This month I will continue the “So you want to be a consultant” theme from last issue. I want to discuss the idea of risk management. While becoming a consultant is a risk in itself there are numerous risks that will present themselves along the way. Let me start with a recent story:

Over the last three months I have worked on a project with two other software developers (two developers and one product designer). We had dedicated a half day a week on this project to work on product design and development. In the fall it was our intention to dedicate more time to this project in order to launch in the spring of 2011. Two weeks ago, while on a family vacation, I received a call from one of the developers. He decided that it was personally too risky to proceed on this project so he was bowing out of the project. The irony is that I anticipated this event occurring in my risk assessment when we started the project. So while sort of surprising, in reality it wasn't. I had chosen to override my own risk assessment and proceed with the project.

The key phrase in that last sentence is: “my own risk assessment.” Software development is an inherently risky process and it's up to us as professionals to carefully examine the risks in whatever endeavors we decide to take on. In this editorial I hope to illustrate some of the risks that you may face in your development career.

Partner Risk

When you start out as a consultant there will be many opportunities to partner with other people. Be very careful choosing your partners. Many years ago I had a chat with a principle at a consulting company I had just done some training for. At that time I was a “wolfpack of one” consultant and was curious how he liked having partners in his consulting company. He said to me “Rod, never have a partner. You will be better off if you can make the decisions yourself instead of in a committee.” These words stuck with me and to this day the number of business partners I have or have had I can count on one hand.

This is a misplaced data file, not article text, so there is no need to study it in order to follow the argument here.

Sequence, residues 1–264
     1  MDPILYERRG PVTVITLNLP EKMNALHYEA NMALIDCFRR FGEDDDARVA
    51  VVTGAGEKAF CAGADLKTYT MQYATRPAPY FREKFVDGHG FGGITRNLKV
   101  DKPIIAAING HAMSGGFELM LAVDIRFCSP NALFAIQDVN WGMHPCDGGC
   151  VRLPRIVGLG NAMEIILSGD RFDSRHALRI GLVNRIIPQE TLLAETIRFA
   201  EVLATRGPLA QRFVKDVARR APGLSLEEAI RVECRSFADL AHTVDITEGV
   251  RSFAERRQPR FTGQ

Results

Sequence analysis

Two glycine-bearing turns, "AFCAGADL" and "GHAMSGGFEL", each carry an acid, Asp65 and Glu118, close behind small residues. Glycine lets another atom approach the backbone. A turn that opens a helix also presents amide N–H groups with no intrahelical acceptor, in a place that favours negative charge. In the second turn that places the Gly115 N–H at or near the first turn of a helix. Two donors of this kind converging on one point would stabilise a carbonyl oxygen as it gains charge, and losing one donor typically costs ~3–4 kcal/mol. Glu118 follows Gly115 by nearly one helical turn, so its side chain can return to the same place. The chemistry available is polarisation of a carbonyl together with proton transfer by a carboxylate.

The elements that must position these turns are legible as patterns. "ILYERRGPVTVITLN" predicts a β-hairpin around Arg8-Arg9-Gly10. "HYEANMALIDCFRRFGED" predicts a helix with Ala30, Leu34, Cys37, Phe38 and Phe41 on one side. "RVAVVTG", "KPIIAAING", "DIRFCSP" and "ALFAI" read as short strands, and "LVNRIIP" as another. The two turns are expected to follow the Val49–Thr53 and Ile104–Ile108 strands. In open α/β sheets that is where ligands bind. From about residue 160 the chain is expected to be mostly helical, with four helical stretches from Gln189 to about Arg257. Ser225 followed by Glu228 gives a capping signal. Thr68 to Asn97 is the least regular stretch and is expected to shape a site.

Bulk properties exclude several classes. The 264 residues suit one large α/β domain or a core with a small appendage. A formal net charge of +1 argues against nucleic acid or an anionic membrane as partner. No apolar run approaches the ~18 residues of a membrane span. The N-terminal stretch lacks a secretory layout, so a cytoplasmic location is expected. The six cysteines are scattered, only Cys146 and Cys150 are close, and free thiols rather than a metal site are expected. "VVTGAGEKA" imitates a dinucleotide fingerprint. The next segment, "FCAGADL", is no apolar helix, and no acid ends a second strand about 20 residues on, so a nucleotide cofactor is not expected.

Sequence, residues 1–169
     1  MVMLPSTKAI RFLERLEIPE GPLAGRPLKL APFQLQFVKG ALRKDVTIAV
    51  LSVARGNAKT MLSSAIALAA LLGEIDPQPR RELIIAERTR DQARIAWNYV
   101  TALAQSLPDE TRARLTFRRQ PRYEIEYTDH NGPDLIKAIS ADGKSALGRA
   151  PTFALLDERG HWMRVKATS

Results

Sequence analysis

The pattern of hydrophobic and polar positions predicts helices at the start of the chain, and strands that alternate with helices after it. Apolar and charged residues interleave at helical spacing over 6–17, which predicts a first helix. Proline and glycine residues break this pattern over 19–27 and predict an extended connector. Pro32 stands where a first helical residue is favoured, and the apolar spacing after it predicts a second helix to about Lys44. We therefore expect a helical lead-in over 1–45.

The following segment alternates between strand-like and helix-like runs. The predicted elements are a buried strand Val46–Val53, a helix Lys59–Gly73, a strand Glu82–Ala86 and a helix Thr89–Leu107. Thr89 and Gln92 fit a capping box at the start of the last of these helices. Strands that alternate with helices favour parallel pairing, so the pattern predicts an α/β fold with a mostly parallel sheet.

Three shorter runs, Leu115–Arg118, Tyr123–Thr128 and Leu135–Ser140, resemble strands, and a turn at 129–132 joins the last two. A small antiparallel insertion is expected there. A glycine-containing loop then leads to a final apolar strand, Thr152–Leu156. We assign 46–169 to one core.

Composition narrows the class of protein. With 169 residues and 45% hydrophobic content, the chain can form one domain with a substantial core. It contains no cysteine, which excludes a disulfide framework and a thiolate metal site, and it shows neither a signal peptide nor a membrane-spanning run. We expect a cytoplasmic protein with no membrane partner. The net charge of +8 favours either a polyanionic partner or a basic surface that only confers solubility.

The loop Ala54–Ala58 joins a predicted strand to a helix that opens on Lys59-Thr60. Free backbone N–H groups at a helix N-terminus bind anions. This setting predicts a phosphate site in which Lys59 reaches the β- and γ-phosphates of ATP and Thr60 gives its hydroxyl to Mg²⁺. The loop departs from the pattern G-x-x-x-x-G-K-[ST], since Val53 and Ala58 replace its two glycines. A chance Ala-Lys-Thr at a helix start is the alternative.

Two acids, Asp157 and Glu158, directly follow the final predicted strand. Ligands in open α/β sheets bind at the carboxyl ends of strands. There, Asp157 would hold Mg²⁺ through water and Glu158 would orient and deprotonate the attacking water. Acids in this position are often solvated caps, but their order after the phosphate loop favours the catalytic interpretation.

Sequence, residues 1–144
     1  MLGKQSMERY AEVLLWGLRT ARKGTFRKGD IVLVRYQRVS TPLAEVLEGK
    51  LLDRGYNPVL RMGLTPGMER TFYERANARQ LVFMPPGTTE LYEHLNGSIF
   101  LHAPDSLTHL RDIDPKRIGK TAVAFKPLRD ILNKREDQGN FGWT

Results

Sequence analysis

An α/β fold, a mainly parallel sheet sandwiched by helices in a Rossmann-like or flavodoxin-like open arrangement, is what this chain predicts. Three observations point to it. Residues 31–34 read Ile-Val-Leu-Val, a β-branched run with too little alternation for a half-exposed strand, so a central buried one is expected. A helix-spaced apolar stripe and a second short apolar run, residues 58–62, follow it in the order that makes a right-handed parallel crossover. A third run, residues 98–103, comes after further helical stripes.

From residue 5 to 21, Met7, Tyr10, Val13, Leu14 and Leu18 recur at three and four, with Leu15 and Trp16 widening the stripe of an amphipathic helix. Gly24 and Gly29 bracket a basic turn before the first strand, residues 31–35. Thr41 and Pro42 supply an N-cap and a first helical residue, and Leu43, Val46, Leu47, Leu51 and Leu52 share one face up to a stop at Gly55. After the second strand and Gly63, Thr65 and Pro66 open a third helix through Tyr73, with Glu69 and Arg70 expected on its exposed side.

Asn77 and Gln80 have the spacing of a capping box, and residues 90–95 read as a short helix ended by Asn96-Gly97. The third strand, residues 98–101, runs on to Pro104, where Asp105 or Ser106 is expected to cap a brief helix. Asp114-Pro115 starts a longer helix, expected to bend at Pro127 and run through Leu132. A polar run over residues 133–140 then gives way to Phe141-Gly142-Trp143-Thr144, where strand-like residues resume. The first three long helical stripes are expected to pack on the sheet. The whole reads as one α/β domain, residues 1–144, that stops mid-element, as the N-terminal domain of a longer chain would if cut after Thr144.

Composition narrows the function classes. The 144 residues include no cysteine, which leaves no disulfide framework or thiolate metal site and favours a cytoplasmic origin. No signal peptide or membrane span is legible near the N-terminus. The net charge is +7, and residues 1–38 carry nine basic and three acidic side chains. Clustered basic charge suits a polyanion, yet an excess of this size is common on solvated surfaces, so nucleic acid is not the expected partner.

Employee Risk

It took me over ten years to hire my one and only employee. This was initially scary but over the years has proven to be one of the best things I could have done. There is a real risk in hiring an employee as it makes you responsible for the well being of another soul. I had to implement things that I hadn't dealt with before including employee insurance, workers compensation, health insurance, an office, etc. Initially I mitigated a lot of the risk by hiring the person part time and at a salary I could afford. I did this because the employee was not a skilled developer but a newly minted programmer that it would be my responsibility to teach.

Contractor Risk

Inevitably you will land a project where you need additional resources. Most likely you'll subcontract work out to other consultants. Hiring subcontractors has its own set of risks. How much time does the sub have to dedicate to your project? How long will they be available? Does the subcontractor have the proper skillset for the job? What happens if they leave your project before the work is done? In my time as a consultant I have experienced all of these in some way, shape or form. I have hired smart people that were too high maintenance; I have hired people that left to go work for other companies; and I have hired people that simply didn't have the skills for the work. Fortunately for me and my clients I have also found dream subcontractors that could simply get the work done in a timely manner with high quality. The simplest way to mitigate risk in this area is to start small. Sub out a small piece and see how it goes. If you like the work they do, offer them some more. If you don't like their work or their style, simply move on.

Technology Risk

As a consultant it is your responsibility to stay current on the technologies available. This responsibility comes with a high degree of risk. Learning new technologies takes a considerable amount of time and some technologies might “die on the vine.” A number of years ago, Markus Egger (publisher of CODE Magazine) wrote an extensive article on one new gizmo from Microsoft: .NET My Services. As a matter of fact it was a cover article for that issue. By the time our magazine hit the street, Microsoft had terminated the product. Markus took a risk in diving deep into a technology that ended up on the scrap heap of technological oblivion. But that's the risk he took. Had the technology panned out, Markus would have been a leader in that field of development. Later, Markus took another leap into a new technology: Windows Presentation Foundation. This technology took hold and his company is a leader in the field. So sometimes these risks can pay off.


Being a consultant isn't all unicorns and double rainbows. There are numerous types of risks that come in the package and it's up to you to carefully measure which risks you are willing to take. When conducting a risk assessment you need to weigh the risks and the rewards. Always remember: there is no reward without risk.